The cover of "A Map of Tulsa" and author Benjamin Lytal. (Penguin; Annie Bourneuf…)
A Map of Tulsa
Penguin: 272 pp., $15 paper
Jim Praley is a young man entering that stage of adulthood when life-defining romances unfold. It's the summer after his first year of college back east, and his romantic yearnings have brought him to a most unlikely place -- the center of Tulsa.
The biggest city in Oklahoma is both a hometown and the center of the known universe to Jim, the protagonist of Benjamin Lytal's tender and engaging debut novel, "A Map of Tulsa." Jim's deep ambivalence about his hometown is already plain to see during the first hours he's back home.
For The Record
Los Angeles Times Sunday, April 07, 2013 Home Edition Main News Part A Page 4 Local Desk 1 inches; 49 words Type of Material: Correction
"A Map of Tulsa": A review of Benjamin Lytal's novel "A Map of Tulsa" in today's Arts & Books section refers to Tulsa as the biggest city in Oklahoma. Oklahoma City is the state's largest. Tulsa is its second-largest. The error was discovered after the section went to press.
For The Record
Los Angeles Times Sunday, April 14, 2013 Home Edition Sunday Calendar Part D Page 2 Calendar Desk 1 inches; 35 words Type of Material: Correction
"A Map of Tulsa": An April 7 review of Benjamin Lytal's novel "A Map of Tulsa" referred to Tulsa as the biggest city in Oklahoma. Oklahoma City is the state's largest. Tulsa is its second-largest.
"I came back to Tulsa ... for different reasons," Jim says. "To prove that it was empty. And in hopes that it was not."
Jim is a poet. He wants to be a great one, but he's from Tulsa, and he's never associated that oil town with great art. There is nothing sublime about Tulsa's humble skyline, its big-box stores, its thoroughfares that lead into the Great Plains. Or so it seems.
Soon, however, Jim meets a Tulsa original. Adrienne Booker is a member of a subspecies he didn't know existed before: she is an Oklahoma aristocrat, a wealthy high school dropout who lives in the penthouse of a downtown tower built by her family. She's deep in oil money.
Adrienne creates art and she sees beauty in the Tulsa landscape. She becomes Jim's guide to the city's enchantments. Jim falls for her hard. But eventually he falls even harder for Tulsa.
Jim comes to adore "the largeness of Tulsa, its big, summer fragrance, the asphalt, the puff of chemical air-conditioning that came when the Target doors slid open," Lytal writes. "And from the livestock barns, a lift of animal freshness."
"A Map of Tulsa" is in many ways a conventional coming-of-age story. As the novel opens, Jim is just old enough to wander away from home and get drunk, but he still feels the need to answer to his parents, who are schoolteachers. They respond to his artsy new Tulsa friends by saying things like "you have to be safe" and "you don't know these people, Jim."
This being the center of the Bible belt, Jim defends his new bohemian friends with a quote from scripture: "I know them by their works," he says, referring to their art. Jim was raised to believe premarital sex ruined people, but with his new lover and her friends, there are no boundaries.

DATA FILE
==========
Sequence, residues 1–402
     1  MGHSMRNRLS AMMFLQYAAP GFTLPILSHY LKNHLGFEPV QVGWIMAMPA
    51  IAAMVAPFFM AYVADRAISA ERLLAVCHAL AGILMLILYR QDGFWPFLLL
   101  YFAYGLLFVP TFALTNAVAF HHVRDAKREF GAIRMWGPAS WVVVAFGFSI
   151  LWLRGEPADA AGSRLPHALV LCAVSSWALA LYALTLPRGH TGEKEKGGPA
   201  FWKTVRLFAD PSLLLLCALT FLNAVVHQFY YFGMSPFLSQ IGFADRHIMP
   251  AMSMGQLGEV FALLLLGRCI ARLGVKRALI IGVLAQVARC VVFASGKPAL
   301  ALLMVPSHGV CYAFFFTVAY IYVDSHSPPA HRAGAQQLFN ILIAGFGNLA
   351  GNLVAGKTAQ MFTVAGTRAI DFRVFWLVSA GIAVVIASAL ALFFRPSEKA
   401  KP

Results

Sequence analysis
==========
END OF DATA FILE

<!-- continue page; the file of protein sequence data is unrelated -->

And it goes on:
Jim is a character imbued with pioneer ambition and Midwestern earnestness. He wants to embrace the world, but he doesn't want to lose himself either. The tension between the cosmopolitan and provincial, the sensuous and the chaste, is a big reason why "A Map of Tulsa" is so memorable.
Like its protagonist, Lytal is a native of Tulsa who studied in the East and later slogged away in the salt mines of the New York literary world. His great achievement in "A Map of Tulsa" is to bring his hometown to life as a place where all sorts of American ghosts can be found living amid the seemingly generic landscape of a midsized, middle-American city.
Most of Tulsa's enchantments are to be found within the confines of its "inner dispersal loop." Here, Tulsa's early 20th century elite built their homes, complete with Arcadian backyards. At a party with Adrienne, Jim wanders into a basement where he discovers the head of a bear, velvet-lined strongboxes, an English saddle and a series of light bulbs whose strings he pulls one at a time.
"It was endless, like an antique storehouse, with paths narrowly uncurled between banks of shrouded furniture," Lytal writes.
But the literal summit of Jim's Tulsa wanderings is the Art Deco tower where Adrienne lives in a penthouse. They can walk a few blocks around Adrienne's building and feel they're in Manhattan, though it's an illusion.
"But for a block, I at least could imagine that we had been born in a bigger city," Lytal writes.
Adrienne's family is broken, and she lives alone in her penthouse, painting. It's here that Jim shows her what's she's missed out on by staying in Tulsa. He brings her art history books and teaches her what he's learned about European painting.
As an artist, Adrienne has passion and a solid work ethic, but she's cut off from the world's art traditions. She performs in a rock band too, but the local music press is filled with "boosterism," and no band ever gets a negative review. Can any artist grow in such an environment?, Jim asks.
Neither Jim nor Adrienne can complete themselves in Tulsa. Halfway through "A Map of Tulsa" they hear the siren song of America's opposite coasts.
When Jim returns to Tulsa in the second half of "A Map of Tulsa" -- after many years and many low-paying but prestigious New York jobs -- he's wiser, more self-assured and a bit jaded. A tragedy has unfolded, putting Jim and all his Tulsa friends in a reflective mood. In these pages, Lytal moves Jim credibly into adulthood, but his novel loses much of its momentum as he does so.
In the end, however, Lytal brings Jim's story back to a meaningful and moving place. Not surprisingly, that rich emotional terrain is to be found in the heart of an underappreciated American city named Tulsa.